The Chicago Bears have lost four in a row, and it’s just about guaranteed that the team that was once expected to make a run in January very likely won’t get a whiff of the playoffs this year. Currently sitting at 3-5 and at the bottom of the division they won in 2018, the Bears have been one of the league’s biggest disappointments this year.
And for Bears fans, team analysts, or people vaguely familiar with the team at all–this season is looking more and more like a gross amalgam of the John Fox-meets-Marc Trestman era of football they never hoped to see again. But alas, here we all are.
Bears Struggling Mightily on Offense
In the first half Sunday against the Eagles (a game they would go on to lose 22-14) the Bears managed to run a total of 15 plays on five drives for -10 yards of total offense (sacks included).
As he has all season, quarterback Mitchell Trubisky looked shaky through most of the game, but he wasn’t alone.
The entire offense was awful against the Eagles. Tarik Cohen, once a force on offense, dropped two passes and has twice as many drops this season as he does big plays.
The tight ends were either invisible or detrimental to the team (Trey Burton had no catches in a game in which he was named co-captain, and Adam Shaheen’s inability to avoid costly penalties coupled with his muffled catch on the final kickoff effectively ended the game).
The offensive line played horrid again, and Charles Leno Jr. picked up another holding penalty. Even the team’s two best offensive players, Allen Robinson and David Montgomery, dropped huge game-changing passes. The Bears’ once-feared defense also didn’t play as well as they hoped, allowing a physical Eagles offensive line to manhandle them for most of the game.
Considering how it seems as though nearly everyone on the team not named Montgomery or Robinson is regressing, the question that begs to be asked is: is the entire team playing lackluster football because they don’t believe in their starting quarterback? Or is it because they know Nagy won’t bench the struggling Trubisky?
On Sunday during the Week 9 game in Philadelphia, former NFL quarterback and current analyst Dan Orlovsky posed the question that could be at the very center of the current trouble in Chicago. Orlovsky tweeted that Matt Nagy had to ask himself a very important question at the half: “Do I wanna lose my locker room to try and save my QB, or lose my QB to try and save my locker room?”
When Trubisky came out to start the second half, many analysts were surprised that backup Chase Daniel wasn’t entering the game.
When asked Monday whether the team has lost confidence in Trubisky, Matt Nagy said what everyone would expect him to say: that his team absolutely still believes in his quarterback. But Nagy has to say that. If he says anything else, that would only create more panic and drama around his team, and he won’t do that.
While it’s obvious that Chase Daniel is not a Super Bowl-caliber quarterback, is he the best option right now in Chicago? One longtime NFL analyst thinks he could be the only answer right now.
Can Chase Daniel Give the Bears a Boost?
When asked on Twitter Monday how the Bears can right their steadily sinking ship, analyst and writer Peter King suggested that the team bench starting quarterback Mitchell Trubisky, saying that it would be both best for the team, as well as the “merciful” thing to do for Trubisky.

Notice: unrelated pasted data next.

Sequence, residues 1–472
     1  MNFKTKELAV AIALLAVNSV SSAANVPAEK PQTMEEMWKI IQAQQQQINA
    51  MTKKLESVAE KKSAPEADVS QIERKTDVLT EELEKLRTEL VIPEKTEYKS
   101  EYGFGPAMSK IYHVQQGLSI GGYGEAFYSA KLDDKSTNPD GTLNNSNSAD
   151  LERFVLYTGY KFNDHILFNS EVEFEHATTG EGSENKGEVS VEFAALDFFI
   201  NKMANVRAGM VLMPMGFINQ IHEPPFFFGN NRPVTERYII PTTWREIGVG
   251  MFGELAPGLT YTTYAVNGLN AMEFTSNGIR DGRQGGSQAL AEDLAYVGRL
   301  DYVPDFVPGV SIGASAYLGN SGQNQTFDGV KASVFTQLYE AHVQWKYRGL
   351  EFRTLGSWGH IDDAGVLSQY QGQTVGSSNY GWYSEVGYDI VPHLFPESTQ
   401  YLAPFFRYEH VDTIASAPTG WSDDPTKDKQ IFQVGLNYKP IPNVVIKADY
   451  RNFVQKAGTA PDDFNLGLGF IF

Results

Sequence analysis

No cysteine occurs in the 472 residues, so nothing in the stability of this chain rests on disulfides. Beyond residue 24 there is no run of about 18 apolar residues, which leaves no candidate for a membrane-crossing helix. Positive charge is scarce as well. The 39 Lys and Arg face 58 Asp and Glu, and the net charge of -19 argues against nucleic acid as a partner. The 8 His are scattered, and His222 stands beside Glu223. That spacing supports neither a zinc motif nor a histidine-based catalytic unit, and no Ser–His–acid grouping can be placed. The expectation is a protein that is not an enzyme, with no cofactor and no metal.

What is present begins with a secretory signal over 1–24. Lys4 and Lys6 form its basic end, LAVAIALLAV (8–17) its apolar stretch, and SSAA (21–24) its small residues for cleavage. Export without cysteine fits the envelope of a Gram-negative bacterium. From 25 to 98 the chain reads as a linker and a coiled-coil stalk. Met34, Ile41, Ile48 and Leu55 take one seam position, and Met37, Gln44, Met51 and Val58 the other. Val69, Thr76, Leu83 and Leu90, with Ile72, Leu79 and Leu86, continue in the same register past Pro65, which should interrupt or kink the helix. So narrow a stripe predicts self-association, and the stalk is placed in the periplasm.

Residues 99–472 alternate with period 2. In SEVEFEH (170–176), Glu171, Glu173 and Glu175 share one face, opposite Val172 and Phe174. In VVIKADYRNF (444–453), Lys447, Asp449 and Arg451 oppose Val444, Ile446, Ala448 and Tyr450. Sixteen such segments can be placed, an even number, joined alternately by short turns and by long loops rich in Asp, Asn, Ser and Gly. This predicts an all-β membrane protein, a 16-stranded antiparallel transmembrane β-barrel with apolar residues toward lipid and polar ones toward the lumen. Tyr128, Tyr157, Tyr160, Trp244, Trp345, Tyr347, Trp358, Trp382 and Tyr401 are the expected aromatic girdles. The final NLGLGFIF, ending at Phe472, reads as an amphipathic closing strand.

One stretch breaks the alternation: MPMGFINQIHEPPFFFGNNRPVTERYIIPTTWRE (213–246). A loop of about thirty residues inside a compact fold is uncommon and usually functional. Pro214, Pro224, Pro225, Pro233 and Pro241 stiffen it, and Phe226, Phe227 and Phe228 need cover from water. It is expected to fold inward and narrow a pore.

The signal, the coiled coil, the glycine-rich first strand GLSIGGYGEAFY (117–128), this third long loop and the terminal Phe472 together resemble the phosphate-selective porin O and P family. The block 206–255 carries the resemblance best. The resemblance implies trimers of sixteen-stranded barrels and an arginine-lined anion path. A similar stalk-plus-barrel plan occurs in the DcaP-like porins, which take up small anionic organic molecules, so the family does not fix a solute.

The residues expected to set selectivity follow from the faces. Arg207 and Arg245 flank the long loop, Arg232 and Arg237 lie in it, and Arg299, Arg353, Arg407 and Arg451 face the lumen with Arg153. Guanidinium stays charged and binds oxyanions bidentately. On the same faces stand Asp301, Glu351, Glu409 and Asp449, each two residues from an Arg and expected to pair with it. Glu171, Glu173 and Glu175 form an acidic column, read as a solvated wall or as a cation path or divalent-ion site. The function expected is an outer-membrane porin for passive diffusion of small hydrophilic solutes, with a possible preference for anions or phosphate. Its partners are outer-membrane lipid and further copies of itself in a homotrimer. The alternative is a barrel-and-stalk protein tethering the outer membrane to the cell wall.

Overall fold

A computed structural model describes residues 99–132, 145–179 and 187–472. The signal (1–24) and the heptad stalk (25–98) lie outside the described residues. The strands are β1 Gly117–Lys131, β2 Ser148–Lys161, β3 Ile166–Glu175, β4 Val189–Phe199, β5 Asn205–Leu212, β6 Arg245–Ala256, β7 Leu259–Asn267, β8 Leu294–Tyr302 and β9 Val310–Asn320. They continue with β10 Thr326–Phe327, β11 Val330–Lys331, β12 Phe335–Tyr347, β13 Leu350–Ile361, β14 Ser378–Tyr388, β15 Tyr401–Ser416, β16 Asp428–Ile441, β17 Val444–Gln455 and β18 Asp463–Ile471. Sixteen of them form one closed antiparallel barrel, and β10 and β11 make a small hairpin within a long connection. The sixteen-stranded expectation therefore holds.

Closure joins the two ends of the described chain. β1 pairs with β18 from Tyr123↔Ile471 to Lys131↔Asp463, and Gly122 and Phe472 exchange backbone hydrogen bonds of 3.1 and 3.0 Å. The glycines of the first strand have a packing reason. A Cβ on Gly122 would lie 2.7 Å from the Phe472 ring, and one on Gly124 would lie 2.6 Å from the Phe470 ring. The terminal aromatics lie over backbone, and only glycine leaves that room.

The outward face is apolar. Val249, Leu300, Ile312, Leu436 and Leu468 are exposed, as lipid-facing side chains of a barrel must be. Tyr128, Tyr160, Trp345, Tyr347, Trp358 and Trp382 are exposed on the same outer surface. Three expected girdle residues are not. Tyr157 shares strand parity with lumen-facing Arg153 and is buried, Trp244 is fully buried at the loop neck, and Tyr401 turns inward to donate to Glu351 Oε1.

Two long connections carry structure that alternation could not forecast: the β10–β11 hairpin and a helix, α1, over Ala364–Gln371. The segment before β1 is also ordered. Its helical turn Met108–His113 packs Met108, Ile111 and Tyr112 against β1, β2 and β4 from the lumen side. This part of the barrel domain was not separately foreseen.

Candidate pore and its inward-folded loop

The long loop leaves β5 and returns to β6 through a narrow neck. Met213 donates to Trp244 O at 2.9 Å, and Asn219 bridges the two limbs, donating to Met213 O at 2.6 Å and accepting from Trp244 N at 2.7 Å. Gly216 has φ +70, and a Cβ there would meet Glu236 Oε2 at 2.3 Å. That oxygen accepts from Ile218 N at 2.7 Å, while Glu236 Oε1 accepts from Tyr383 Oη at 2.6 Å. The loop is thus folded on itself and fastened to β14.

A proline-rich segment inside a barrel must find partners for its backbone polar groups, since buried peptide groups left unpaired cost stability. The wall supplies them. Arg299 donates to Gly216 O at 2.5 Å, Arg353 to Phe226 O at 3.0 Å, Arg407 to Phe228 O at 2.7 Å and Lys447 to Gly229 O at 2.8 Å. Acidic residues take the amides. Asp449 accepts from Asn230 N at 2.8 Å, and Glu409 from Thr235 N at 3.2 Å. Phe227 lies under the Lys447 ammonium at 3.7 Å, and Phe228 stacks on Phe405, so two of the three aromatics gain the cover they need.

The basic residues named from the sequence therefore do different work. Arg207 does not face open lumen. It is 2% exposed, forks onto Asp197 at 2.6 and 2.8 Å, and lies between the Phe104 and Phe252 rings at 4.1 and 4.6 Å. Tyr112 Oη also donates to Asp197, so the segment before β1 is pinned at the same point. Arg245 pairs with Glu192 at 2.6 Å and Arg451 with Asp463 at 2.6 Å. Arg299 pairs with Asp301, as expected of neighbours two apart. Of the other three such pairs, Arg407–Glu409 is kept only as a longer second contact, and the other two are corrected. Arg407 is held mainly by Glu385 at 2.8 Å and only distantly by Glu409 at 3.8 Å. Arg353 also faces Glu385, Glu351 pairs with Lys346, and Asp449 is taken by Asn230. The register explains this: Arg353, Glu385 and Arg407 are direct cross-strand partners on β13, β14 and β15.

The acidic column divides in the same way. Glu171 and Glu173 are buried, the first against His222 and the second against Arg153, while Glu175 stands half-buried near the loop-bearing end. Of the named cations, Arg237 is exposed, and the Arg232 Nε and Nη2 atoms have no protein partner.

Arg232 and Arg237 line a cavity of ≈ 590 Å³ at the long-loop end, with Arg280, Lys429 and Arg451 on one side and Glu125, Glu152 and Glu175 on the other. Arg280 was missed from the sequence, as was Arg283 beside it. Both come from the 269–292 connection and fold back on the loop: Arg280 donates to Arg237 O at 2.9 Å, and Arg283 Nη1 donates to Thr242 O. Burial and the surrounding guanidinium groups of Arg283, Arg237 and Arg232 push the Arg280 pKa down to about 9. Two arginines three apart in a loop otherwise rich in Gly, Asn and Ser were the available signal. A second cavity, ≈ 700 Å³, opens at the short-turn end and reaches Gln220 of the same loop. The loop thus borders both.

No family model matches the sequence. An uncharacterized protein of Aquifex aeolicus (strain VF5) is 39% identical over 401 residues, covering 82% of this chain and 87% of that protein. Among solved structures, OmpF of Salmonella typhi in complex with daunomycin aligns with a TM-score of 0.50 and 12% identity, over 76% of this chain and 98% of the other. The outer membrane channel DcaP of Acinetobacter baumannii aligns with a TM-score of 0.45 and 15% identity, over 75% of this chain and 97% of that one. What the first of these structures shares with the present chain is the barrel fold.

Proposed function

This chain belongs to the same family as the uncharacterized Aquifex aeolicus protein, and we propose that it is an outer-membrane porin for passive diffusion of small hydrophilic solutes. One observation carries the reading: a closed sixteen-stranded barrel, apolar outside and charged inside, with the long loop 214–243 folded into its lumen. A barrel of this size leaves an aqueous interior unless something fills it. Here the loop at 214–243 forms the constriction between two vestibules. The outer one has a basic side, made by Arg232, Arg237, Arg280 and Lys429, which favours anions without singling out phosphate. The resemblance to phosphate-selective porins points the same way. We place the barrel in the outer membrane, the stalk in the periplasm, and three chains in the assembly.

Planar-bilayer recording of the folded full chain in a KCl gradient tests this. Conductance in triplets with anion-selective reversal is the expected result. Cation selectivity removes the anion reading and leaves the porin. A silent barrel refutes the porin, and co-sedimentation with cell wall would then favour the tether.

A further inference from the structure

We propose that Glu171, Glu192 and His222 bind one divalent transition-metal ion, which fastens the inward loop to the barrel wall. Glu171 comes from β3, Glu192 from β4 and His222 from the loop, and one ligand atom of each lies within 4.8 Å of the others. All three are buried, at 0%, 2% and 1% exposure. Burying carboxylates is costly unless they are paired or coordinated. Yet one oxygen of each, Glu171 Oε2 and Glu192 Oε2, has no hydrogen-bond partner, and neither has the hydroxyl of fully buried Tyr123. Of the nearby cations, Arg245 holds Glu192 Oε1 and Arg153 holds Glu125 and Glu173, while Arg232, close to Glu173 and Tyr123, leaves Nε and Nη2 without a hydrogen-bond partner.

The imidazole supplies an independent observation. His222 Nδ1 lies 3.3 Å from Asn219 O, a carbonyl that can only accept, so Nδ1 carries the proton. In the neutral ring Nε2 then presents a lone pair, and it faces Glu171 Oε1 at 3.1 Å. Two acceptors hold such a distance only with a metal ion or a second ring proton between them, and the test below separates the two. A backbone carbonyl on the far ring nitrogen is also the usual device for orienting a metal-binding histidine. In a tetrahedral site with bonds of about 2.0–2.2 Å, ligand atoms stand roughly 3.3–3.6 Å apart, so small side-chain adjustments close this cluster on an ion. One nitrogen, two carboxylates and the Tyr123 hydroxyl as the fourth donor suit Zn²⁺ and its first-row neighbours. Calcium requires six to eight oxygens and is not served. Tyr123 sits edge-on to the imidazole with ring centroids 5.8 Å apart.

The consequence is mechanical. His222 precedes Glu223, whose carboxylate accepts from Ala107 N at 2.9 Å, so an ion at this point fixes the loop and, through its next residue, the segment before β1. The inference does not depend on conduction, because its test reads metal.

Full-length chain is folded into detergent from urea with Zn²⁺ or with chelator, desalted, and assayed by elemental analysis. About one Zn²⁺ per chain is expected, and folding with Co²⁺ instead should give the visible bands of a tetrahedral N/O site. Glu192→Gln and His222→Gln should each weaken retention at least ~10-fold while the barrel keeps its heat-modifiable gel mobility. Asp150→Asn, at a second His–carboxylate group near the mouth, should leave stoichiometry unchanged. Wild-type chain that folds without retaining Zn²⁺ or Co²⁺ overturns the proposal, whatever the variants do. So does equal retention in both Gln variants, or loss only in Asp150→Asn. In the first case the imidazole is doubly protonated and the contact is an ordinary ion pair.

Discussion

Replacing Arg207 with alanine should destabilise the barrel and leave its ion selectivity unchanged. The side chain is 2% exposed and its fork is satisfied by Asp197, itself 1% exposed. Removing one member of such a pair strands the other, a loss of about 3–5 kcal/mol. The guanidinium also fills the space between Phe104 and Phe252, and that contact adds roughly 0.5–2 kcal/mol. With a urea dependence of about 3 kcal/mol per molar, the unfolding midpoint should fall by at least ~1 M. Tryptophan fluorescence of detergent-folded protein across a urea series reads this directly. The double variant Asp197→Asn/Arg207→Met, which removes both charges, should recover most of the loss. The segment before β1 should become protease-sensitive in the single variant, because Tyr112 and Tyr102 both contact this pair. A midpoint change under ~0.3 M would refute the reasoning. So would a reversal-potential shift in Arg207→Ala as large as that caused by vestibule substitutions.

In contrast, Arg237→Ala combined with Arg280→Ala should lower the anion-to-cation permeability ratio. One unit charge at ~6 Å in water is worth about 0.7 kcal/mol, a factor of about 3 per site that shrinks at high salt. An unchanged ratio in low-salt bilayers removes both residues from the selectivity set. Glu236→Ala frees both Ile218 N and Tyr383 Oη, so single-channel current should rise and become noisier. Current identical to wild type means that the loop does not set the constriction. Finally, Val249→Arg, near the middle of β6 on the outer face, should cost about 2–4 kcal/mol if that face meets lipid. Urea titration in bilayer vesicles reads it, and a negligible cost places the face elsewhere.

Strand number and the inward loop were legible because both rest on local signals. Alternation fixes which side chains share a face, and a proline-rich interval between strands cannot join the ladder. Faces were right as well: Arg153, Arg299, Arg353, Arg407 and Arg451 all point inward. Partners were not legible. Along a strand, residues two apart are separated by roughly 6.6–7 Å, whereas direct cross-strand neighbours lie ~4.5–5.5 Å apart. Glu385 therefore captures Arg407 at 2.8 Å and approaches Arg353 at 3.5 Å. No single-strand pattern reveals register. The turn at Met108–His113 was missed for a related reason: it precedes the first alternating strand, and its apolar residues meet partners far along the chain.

King may be right, but Bears beat writers are divided on the subject. Half seem to think there’s no value in seeing what Trubisky has at the expense of this team and a solid defense. Those that don’t think Trubisky should be benched rightly note that doing so would be a huge decision that would need the entire organization’s approval, including that of owner George McCaskey.
Benching Trubisky would also put GM Ryan Pace in even hotter water, and considering Nagy was supposed to turn Trubisky into a competent quarterback, benching Trubisky would reflect badly on Nagy, as well.
Thus, the current situation in Chicago is this: the team clearly isn’t comfortable with Trubisky at the helm. Half of Nagy’s play calls have to be the result of his current QB’S limitations, and it’s obvious that the team isn’t playing their best football with Mitch at the helm. And yet…
Will Nagy Actually Bench Trubisky?
King may be correct–Trubisky looks rattled, uncomfortable, and quite frankly, scared at times. His own coach has him watching televised games (on mute) to get a new perspective on his leadership–or lack thereof. Benching him might be the merciful thing to do at this point.
Benching Trubisky has also been suggested by former Bears center Olin Kreutz, who said that a benching doesn’t have to be a season-ending thing; it could be for a few games, or at least it could put a little fire under him–because right now, there is no competition for his job.
Nagy has said on multiple occasions that he isn’t benching him, and everyone knows how limited Chase Daniel is. But once the locker room is fully lost because the Mitch Trubisky experiment just had to go on…what are the Bears going to do then?
All-Pro safety Eddie Jackson said Monday that the team has not lost faith in their head coach, either:
Benching Mitch may be illogical to those who can’t fathom working outside of the confines of football norms–but it also might be the only way for Nagy to show his team that he cares more about them as a unit than he does about the one guy who may be holding them all back.